According to this question, the pharoah of Egypt in the time of Moses gave a burnt offering to Moses.

This inspired me to do research (read: google) about gentiles bringing in burnt offerings.

From this website:

"An olah could be brought from cattle, sheep, goats, or even doves. Gentiles were allowed to bring an olah in our Temple, unlike the rest of the kinds of qorbanot, which were reserved for Jews alone within the Temple itself; it should be remembered, however, that Gentiles are permitted to build their own place for qorbanot, and offer them to God themselves, and are promised reward for this meritorious behavior. "

So, gentiles are allowed to give burnt offering in the temple. It also says gentiles are allowed to build their own place to give this burnt offering.

What are the specifications of such an alter built by gentiles, and after building, what is the process of such an offering done by a gentile?

1 Answer 1


The Korban does need to be brought on an altar (Rambam Maaseh Korbanot 19:1). This altar though does not have the requirements of horns, a ramp, a base, and square corners which regular altars (including a Bamah Gedolah, though that isn't the case here (Megilla 9b)) have (Zevachim 108b). I don't see any other listed exclusions, so presumably other requirements of the altar apply, such as a minimum size of 1x1x3 Amot (Rambam Beit HaBerchira 2:17). The materials for the altar (including the wood for the fire) may not have been used constructively for humans beforehand (Zevachim 116b).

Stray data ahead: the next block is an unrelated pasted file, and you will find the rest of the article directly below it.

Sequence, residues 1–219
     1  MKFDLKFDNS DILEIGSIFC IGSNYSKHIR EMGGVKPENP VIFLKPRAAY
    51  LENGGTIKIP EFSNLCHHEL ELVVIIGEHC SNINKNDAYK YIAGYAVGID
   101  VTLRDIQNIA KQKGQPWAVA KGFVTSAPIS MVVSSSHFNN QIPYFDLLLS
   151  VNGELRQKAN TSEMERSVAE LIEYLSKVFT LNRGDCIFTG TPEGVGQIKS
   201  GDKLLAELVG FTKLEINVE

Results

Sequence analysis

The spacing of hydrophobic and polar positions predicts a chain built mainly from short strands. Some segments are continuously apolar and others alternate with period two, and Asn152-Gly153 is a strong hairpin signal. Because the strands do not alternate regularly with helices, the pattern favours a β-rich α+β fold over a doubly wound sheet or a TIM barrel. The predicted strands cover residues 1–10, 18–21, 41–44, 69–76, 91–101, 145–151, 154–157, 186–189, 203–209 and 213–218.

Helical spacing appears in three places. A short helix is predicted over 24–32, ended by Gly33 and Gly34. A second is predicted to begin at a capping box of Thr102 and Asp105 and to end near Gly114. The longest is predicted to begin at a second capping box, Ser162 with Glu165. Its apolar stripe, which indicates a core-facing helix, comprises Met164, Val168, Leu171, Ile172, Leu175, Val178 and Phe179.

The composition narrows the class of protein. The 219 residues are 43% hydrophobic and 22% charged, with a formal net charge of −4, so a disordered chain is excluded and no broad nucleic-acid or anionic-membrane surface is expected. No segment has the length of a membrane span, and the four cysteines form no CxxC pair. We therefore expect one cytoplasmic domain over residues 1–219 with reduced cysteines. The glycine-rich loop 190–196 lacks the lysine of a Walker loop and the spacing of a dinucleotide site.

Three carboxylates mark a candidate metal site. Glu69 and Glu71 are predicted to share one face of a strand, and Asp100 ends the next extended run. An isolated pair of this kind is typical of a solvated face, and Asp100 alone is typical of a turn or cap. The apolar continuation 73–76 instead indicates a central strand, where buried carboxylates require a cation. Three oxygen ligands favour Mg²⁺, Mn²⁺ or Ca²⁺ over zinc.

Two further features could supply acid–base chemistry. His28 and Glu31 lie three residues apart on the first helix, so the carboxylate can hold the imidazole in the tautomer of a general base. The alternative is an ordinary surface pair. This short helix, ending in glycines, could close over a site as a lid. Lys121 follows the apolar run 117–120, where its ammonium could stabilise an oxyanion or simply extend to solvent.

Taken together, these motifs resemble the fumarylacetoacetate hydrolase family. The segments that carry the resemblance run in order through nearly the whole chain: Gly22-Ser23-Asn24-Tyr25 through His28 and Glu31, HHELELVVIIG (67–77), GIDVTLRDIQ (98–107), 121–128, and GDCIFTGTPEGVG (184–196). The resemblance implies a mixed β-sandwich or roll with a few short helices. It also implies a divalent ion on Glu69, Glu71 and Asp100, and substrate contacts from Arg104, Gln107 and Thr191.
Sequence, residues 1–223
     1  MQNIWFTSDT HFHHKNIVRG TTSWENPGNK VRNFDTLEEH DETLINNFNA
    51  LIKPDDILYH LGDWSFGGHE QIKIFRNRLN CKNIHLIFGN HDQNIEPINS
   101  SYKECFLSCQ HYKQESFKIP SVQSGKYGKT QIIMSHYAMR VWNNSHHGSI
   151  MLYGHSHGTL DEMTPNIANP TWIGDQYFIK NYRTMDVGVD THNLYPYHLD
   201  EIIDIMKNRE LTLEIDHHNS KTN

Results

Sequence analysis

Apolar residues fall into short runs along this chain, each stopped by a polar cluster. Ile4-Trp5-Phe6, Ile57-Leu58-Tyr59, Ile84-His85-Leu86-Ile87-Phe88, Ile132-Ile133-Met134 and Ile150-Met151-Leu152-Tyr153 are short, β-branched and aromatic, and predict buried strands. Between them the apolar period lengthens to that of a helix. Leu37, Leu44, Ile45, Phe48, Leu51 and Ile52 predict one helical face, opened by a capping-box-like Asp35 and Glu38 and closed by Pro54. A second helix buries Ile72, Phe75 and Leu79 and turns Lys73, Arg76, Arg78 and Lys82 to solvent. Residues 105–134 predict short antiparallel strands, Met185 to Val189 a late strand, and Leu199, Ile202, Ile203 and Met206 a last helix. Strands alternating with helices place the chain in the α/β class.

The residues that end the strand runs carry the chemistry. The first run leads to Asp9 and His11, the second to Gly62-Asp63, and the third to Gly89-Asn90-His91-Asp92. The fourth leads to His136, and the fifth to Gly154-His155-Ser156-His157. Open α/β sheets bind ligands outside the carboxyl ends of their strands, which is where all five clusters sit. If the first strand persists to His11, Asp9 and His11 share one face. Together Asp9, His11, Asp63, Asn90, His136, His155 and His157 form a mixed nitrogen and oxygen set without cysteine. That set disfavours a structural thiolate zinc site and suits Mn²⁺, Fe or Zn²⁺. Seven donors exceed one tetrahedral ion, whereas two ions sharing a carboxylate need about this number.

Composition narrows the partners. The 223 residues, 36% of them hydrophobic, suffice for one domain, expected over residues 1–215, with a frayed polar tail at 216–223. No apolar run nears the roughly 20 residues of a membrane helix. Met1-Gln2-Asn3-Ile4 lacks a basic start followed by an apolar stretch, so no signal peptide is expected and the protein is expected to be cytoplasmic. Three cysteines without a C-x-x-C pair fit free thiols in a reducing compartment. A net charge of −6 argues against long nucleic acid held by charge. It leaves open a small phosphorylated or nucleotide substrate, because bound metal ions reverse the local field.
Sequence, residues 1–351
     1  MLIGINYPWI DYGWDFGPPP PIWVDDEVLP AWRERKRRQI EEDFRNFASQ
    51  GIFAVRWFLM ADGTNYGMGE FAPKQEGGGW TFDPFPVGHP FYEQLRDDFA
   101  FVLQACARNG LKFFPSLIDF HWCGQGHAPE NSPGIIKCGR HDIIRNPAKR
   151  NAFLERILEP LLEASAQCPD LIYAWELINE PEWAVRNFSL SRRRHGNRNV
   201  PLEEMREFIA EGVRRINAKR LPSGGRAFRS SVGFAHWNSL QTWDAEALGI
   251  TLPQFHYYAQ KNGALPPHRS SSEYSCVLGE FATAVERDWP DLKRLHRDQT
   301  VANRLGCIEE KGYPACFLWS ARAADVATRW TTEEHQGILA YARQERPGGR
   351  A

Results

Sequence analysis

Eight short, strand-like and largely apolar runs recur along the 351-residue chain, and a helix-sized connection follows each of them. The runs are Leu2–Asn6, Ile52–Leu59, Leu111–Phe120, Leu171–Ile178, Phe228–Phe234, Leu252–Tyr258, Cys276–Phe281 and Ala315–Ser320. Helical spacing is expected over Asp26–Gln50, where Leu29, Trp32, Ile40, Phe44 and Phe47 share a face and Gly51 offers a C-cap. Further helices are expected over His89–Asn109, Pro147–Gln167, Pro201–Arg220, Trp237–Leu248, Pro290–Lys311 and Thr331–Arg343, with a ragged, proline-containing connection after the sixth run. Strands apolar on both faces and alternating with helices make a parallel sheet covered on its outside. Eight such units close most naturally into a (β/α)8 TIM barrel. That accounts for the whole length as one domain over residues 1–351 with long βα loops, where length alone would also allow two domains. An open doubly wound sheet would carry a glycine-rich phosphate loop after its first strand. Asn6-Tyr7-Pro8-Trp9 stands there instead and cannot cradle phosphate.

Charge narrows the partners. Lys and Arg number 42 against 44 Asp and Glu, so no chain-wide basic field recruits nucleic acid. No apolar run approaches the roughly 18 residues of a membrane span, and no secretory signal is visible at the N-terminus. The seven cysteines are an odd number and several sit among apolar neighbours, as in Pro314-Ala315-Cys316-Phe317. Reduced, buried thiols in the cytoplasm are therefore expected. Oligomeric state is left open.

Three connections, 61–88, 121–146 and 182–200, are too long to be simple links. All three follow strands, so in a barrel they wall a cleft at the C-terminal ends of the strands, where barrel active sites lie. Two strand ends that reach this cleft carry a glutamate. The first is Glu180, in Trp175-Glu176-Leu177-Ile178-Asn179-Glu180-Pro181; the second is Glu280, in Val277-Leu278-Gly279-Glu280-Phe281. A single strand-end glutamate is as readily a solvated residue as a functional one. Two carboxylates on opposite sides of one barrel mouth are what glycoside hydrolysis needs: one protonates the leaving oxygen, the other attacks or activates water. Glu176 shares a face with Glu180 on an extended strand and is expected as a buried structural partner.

They can offer any kosher mammal or bird even if it has a blemish (ibid. 115b) unless it is missing an entire limb (ibid. 116a).

The gentile may slaughter his own Korban even though generally gentiles cannot perform a valid Shechita.

I see no indication or reason why the procedure of catching and sprinkling the blood should be any different.

Jews may instruct the gentiles regarding the proper methodology but cannot assist in any way. This can be done nowadays even outside of Israel. (Rambam Maaseh Korbanot 19:16)

  • 8
    Incidentally, this is the correct answer to "What would you go do if you found out you weren't Jewish?"
    – Double AA
    Commented Sep 17, 2014 at 22:06
  • 1
    Is there anybody who does this nowadays? Perhaps some of the Noahide communities do it?
    – Daniel
    Commented Sep 18, 2014 at 0:17
  • 1
    @Daniel I've never heard of it. It's not obligatory.
    – Double AA
    Commented Sep 18, 2014 at 0:27
  • Is there a requirement of leaving the fire lit? What can be used to light the fire? What is done in regards to cleaning the alter?
    – Nail
    Commented Sep 21, 2014 at 20:51
  • @Nail No. Flint? Nothing. The fire and cleaning of the Mizbeach in the Temple are rules about the Temple not about offering a Korban.
    – Double AA
    Commented Sep 21, 2014 at 21:10

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